Self Inquiry (in England, "self-enquiry"), in the original Sanskrit, atma-vichara
This is a meditation technique to get enlightened, i.e. "self realization." By realizing who you are, the bonds of suffering are broken. Besides this goal, self-inquiry delivers many of the same benefits as other meditation techniques, such as relaxation, enhanced experience of life, greater openness to change, greater creativity, a sense of joy and fulfillment, and so forth.
Focus your attention on the feeling of being “me,” to the exclusion of all other thoughts.
- Sit in any comfortable meditation posture.
- Allow your mind and body to settle.
- Now, let go of any thinking whatsoever.
- Place your attention on the inner feeling of being “me.”
- If a thought does arise (and it is probable that thoughts will arise on their own), ask yourself to whom this thought is occurring. This returns your attention to the feeling of being “me.”
Continue this for as long as you like.
This technique can also be done when going about any other activity.
Self inquiry or atma-vichara is an ancient Indian meditation technique. A version of it can be found, for example, in the Katha Upanishad, where it says:
The primeval one who is hard to perceive,
wrapped in mystery, hidden in the cave,
residing within the impenetrable depth—
Regarding him as god, an insight
gained by inner contemplation,
both sorrow and joy the wise abandon. (K.U. 2.12)
Here the "primeval one" is the Self, which is to be contemplated. The "cave" is the body, in which the feeling of the self arises.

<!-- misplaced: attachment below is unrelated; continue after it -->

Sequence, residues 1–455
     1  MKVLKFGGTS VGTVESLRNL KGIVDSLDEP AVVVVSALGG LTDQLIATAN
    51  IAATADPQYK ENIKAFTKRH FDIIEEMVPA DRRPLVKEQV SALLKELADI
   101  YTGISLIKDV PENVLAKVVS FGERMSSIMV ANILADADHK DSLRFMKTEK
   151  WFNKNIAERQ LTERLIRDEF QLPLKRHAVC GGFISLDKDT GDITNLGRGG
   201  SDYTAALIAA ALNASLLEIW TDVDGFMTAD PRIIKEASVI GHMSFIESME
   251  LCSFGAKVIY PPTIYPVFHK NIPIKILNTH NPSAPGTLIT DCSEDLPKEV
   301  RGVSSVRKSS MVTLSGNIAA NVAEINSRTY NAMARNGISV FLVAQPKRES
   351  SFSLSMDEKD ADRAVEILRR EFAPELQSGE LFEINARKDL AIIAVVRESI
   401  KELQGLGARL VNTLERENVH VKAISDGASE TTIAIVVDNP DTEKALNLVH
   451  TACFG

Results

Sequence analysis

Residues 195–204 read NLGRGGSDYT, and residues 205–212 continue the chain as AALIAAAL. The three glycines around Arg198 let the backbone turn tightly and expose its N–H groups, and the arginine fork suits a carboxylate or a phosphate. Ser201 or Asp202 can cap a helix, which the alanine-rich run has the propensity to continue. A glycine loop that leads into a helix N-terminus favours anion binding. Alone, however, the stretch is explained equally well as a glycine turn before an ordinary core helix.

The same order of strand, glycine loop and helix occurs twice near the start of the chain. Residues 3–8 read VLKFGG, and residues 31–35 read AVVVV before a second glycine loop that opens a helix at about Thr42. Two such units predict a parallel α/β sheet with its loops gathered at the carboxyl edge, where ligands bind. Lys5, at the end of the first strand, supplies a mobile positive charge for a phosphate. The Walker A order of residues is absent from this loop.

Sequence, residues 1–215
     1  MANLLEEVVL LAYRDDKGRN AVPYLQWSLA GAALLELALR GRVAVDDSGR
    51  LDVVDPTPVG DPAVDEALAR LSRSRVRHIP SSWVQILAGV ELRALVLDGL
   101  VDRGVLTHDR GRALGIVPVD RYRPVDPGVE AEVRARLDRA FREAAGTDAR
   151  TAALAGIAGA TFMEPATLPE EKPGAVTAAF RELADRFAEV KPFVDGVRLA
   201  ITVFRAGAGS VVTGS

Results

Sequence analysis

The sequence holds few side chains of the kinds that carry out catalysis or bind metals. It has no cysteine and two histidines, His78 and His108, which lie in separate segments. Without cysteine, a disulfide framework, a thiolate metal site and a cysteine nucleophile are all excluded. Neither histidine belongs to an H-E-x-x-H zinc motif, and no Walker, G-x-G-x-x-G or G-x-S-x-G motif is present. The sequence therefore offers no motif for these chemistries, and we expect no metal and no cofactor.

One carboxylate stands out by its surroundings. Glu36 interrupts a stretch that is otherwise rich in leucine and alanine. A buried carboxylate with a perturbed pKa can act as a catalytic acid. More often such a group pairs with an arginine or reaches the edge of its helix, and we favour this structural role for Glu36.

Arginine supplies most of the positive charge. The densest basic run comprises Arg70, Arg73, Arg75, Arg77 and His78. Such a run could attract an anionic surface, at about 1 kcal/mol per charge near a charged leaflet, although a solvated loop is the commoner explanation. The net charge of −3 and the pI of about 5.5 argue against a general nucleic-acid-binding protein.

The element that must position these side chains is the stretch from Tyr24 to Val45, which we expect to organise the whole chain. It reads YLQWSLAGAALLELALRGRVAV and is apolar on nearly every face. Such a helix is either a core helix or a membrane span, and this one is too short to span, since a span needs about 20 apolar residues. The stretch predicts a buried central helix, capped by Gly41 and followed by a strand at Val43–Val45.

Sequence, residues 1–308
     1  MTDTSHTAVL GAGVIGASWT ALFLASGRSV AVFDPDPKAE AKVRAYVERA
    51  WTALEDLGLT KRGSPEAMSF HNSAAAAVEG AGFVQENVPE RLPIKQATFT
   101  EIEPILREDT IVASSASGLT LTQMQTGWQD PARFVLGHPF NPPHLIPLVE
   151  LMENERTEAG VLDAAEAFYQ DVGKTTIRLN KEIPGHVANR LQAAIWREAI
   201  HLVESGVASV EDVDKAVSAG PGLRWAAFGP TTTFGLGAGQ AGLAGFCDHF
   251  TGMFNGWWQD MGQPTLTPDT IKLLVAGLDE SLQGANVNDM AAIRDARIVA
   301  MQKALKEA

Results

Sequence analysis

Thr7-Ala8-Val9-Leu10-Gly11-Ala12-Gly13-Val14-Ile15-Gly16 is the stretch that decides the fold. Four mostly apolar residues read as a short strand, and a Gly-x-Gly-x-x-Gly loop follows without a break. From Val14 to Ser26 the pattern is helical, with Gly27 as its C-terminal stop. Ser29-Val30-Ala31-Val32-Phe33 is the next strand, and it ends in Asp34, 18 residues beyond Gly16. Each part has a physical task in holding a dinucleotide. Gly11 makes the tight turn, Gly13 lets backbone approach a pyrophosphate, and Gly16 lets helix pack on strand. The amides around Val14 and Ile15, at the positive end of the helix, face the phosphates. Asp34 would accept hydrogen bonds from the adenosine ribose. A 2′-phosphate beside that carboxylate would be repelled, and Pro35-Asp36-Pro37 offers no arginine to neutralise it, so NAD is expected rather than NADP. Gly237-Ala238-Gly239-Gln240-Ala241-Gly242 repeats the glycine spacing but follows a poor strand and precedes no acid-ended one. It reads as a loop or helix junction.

Self inquiry was popularized in the 20th century by the great Indian saint Ramana Maharshi, who made it the centerpiece of his teaching.
Many people misunderstand the self-inquiry technique to mean that the person should sit and ask themselves the question, "Who am I?" over and over. This is an incorrect understanding of the technique. The questions "Who am I" or "To whom is this thought occurring?" are only used when a thought arises, in order to direct attention back to the feeling of being "me." At other times the mind is held in silence.
The Sanskrit term atma-vichara can also be translated as "self investigation" or "self reflection." Due to Ramana Maharshi, the translation "self inquiry" has become standard.
Some notes on the technique, from Wikipedia:
This practice of Self-attention or awareness of the ‘I’-thought is a gentle technique, which bypasses the usual repressive methods of controlling the mind. It is not an exercise in concentration, nor does it aim at suppressing thoughts; it merely invokes awareness of the source from which the mind springs. The method and goal of self-enquiry is to abide in the source of the mind and to be aware of what one really is by withdrawing attention and interest from what one is not. In the early stages effort in the form of transferring attention from the thoughts to the thinker is essential, but once awareness of the ‘I’-feeling has been firmly established, further effort is counter-productive. From then on it is more a process of being than doing, of effortless being rather than an effort to be.